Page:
Cooperative marketing and advertising refers to partnerships your business or company might make with another business or organization. Marketing and advertising partnerships are one of the faster-growing ways to expand your target prospect audience and join forces to create an even stronger, more effective marketing campaign. While this isn’t necessarily a new concept, it is growing in popularity and there are increasingly successful partnerships that help to advance the efforts for all the businesses involved.
Cooperative marketing can be as simple as sharing mailing lists, or it can evolve in a variety of creative ways. You may have noticed cross-product advertising or the common “if you like this, then you’ll probably like that” marketing technique. Cooperative marketing can also involve sharing an advertising space or air time with a compatible vendor, or linking with a charity or educational event as a sponsor, co-sponsor or corporate partner.
It is important to find a compatible fit for cooperative marketing. For example, if you are in the insurance business, then partnering with a financial planner might make good sense. Two or more competitors might not be the best fit for a cooperative marketing project, but it just depends on the particulars and the goal. One of the main benefits of cooperative marketing is that you are able to reach a larger target audience. The old, “two heads are better than one” concept. It can also be an effective way to stretch your advertising budget and reach a larger prospect base.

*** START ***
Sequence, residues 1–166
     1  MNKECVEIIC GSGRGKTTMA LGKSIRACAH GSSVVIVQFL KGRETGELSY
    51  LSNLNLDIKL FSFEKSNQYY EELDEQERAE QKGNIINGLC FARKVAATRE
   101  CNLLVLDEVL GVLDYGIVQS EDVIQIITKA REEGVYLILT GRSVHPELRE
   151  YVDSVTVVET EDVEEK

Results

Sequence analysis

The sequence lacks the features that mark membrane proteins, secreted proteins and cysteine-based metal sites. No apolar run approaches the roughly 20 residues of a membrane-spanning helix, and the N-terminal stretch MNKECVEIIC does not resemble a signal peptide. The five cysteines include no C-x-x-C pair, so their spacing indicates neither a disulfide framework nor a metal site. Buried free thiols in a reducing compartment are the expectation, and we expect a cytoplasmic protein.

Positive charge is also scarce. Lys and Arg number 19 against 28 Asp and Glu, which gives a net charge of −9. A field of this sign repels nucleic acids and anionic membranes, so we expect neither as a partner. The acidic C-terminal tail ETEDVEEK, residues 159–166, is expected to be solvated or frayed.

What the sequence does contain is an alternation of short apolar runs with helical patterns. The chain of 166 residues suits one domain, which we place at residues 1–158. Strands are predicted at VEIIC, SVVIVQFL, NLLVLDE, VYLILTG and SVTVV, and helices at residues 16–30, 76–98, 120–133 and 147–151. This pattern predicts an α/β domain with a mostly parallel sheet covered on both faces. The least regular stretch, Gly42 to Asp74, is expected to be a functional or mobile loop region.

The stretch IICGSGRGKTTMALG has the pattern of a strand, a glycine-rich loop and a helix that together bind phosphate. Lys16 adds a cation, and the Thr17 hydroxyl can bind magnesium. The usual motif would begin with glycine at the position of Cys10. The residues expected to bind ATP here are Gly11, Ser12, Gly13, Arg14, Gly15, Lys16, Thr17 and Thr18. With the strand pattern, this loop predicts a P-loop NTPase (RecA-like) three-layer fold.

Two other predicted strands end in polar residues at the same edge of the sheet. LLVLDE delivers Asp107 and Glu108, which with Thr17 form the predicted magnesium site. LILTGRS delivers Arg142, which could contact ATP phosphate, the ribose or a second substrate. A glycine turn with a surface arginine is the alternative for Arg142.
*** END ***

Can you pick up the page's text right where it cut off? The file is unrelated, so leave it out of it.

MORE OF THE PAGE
Some cooperative partnerships are simply a reciprocal marketing approach. Two businesses may swap mailing lists or may agree to include the other’s marketing flyer or materials in a mailing. Often magazines who reach out to similar audiences may swap or trade ad space so that each can advertise in the other’s publication. This can save money and extend marketing efforts.
There are no hard and fast rules that dictate how cooperative marketing should be handled. You’ll need to evaluate partnerships based on your marketing plan, your company’s mission and what seems to make common sense in terms of expanding your public relations. Make sure that any agreements between two parties are in writing and have been well communicated to prevent problems and misunderstandings from developing. Additionally, make sure you do your homework to make sure that you are partnering with a reputable company–your association will likely not go unnoticed by your patrons and your goal is to help sales and market placement, not hinder them!